The London Vision Clinic Goes Carbon Neutral
When you first meet marketing coordinator, Thilini, the tag “Warrior” is not the first thought that springs to mind. However, within her petite frame lurks a rugged determination which is currently aimed at making her colleagues more environmentally aware having reached the goal of a carbon neutral London Vision Clinic.
Thilini decided to take on the role of “Carbon Warrior” after speaking to London Vision Clinic patient Julia Hailes MBE, who is a professional environmental consultant. Julia’s work includes advising companies – including high street giants such as Marks and Spencer – on how to improve their carbon footprint. At the time she commented that Laser Eye Surgery is, in itself, an environmentally friendly procedure. She also spoke to Thilini about the clinic’s recycling practice.
“I then passed on Julia’s comments to management and they asked if I would like to act as the clinic’s ‘Carbon Warrior’ to educate staff and to reduce wastage”, recalls Thilini. “A few months later our clinic manager, Emma, asked me if it would be possible for us to become carbon neutral.”
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Thilini decided to find out. Her first task was to discover how to assess the London Vision Clinic’s current carbon footprint. This proved far from straightforward.
“I thought it would be a great step to promote sustainability in the UK and also to give back something to community. If we aren’t the first medical organisation, we are definitely the first laser eye clinic to achieve this.”
“Because it’s not mandatory for companies to assess their effect on the environment, there is a lot of ambiguity regarding how to go about it.
“Initially I had to educate myself with a lot of ready material. I also attended a few seminars on the subject”, Thilini recalls. “Once I understood how the process worked, the next step was to select one of the several London-based organisations to work alongside.”
The London Vision Clinic paired with Carbon Footprint Company and an assessment period of July 1st 2011 to June 30 2012 was agreed.
A period of detective work followed as Thilini set about discovering all the relevant information about the environmental cost of running of the London Vision Clinic. She carefully detailed gas and electricity bills, the number of refrigerators and air conditioning units, alongside transport usage – flights, cars, taxi expenses and courier services. This information was passed over to the Carbon Footprint Company who issued a “data pack”. Once filled in, the crucial carbon emissions equation for that year could be calculated.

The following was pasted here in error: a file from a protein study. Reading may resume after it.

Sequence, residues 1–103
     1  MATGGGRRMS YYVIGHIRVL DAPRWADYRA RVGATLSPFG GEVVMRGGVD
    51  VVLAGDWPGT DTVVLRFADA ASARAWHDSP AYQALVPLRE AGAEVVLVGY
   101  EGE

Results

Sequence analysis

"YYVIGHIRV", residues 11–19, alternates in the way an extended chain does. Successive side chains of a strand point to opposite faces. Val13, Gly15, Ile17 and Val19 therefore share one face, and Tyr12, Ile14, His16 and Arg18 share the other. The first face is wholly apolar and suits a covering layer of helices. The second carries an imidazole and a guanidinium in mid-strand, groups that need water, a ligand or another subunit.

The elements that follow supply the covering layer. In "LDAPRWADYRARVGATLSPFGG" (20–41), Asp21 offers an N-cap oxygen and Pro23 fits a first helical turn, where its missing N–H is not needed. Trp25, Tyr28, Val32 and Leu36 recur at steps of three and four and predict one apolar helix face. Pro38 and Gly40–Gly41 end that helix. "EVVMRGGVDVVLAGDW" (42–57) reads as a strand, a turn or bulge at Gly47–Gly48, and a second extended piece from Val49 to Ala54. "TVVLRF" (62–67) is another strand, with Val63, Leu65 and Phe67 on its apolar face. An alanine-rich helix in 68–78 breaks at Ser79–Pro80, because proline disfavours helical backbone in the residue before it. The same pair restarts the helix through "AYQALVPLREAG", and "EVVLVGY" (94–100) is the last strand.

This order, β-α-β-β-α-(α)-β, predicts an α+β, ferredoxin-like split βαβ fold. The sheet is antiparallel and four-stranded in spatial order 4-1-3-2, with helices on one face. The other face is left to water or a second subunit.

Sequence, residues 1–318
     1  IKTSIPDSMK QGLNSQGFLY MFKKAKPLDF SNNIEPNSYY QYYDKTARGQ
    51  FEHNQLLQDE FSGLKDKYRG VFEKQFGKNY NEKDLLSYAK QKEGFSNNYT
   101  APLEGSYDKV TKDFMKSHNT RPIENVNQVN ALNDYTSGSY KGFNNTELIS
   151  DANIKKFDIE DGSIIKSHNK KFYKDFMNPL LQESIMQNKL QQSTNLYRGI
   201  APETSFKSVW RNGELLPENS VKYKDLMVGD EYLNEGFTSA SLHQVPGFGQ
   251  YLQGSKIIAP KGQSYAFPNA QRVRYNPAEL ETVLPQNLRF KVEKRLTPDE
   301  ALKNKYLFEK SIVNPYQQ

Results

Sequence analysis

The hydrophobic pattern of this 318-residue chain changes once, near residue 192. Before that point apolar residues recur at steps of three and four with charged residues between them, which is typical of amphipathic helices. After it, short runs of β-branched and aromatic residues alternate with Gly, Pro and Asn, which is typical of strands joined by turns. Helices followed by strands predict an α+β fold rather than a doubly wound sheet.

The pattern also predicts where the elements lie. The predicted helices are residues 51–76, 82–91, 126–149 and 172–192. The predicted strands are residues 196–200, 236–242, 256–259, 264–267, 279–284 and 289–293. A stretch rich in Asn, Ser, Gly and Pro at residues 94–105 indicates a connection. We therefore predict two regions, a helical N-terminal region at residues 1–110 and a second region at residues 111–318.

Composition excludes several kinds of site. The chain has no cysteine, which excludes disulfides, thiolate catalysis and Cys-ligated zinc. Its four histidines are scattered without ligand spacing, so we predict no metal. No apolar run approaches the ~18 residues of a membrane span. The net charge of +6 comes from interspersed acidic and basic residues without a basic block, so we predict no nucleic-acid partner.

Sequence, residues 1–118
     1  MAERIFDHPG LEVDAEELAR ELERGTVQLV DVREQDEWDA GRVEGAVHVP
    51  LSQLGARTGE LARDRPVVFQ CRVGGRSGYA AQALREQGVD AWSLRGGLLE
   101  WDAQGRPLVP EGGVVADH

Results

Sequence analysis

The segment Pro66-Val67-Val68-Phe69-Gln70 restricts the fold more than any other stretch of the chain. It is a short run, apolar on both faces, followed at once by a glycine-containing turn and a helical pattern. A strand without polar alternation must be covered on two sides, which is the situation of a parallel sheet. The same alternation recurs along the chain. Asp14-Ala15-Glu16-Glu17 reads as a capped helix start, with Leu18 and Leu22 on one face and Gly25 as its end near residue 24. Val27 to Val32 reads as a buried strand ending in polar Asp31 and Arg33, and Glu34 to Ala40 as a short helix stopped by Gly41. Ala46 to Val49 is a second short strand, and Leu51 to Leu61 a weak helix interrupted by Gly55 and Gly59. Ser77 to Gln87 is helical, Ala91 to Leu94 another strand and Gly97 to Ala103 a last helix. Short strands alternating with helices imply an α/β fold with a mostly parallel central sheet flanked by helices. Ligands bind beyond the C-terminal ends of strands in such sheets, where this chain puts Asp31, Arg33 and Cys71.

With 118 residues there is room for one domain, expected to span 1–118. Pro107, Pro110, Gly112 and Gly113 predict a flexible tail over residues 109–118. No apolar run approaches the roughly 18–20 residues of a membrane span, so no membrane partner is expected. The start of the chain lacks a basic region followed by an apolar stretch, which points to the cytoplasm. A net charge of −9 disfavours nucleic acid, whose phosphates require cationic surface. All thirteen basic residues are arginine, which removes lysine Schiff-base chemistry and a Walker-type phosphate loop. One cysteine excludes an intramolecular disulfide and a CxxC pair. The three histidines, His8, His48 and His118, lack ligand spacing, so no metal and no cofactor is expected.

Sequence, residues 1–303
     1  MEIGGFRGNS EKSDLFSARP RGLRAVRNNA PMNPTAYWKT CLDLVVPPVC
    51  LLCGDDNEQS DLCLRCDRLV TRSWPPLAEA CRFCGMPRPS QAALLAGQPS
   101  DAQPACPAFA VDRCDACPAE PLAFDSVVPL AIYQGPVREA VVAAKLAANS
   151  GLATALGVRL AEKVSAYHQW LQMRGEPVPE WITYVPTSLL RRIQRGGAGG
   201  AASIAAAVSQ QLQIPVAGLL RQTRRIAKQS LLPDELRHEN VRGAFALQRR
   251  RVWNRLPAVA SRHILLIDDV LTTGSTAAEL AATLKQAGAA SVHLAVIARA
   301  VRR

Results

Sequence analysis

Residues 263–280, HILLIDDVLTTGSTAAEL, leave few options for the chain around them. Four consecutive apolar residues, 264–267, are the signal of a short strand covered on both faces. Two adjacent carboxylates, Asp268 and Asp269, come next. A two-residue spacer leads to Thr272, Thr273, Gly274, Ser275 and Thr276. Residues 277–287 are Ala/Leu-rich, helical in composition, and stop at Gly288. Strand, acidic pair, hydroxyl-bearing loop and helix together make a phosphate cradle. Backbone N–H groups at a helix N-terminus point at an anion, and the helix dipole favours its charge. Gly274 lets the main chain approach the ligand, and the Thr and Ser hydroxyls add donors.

The Carbon Footprint Company’s subsequent report showed that the London Vision Clinic’s total carbon dioxide emissions for the assessment period year were 106 tonnes – 46.5% of which was from electricity usage. In order to become carbon neutral, this usage would have to be offset to a VFS (Verified Footprint Standard) and in order to obtain BSI certification PAS 2060, a detailed Carbon Management Policy must be drawn up. This would entail actions and goals to reduce overall emissions for the forthcoming year.
“We have chosen to give back to the UK by planting 106 trees across London. These will not only offset our carbon emissions, but also help prevent climate change and create space for wildlife. We have also set ourselves the goal of reducing our total carbon emissions by 2.5% next year”, explains Thilini. “We are now in the process of educating all staff to consider the environment by reducing overall wastage in the company: not printing unnecessarily and recycling appropriately.”
Although the reduction plan includes a “switch off” policy, it also takes into account the extremely sensitive nature of Laser Eye Surgery – certain rooms at London Vision Clinic hold equipment that require temperatures cooler than room temperature. These rooms need the air conditioning to remain turned on regardless of the external temperature. However in many other areas, motion sensors will be installed, existing light bulbs replaced with low energy bulbs and a firm “turn off” policy for computers at the end of the working day.
London Vision Clinic patients will not notice any dramatic changes at 138 Harley Street – although the observant ones might spot the new recycling systems. “Patients can return their surgery packs to us if they want us to recycle them. Although we cannot use them for patients, we can definitely find a way to recycle them”, Thilini concludes.
Watch this space for updates and progress on the London Vision Clinic’s carbon neutral journey.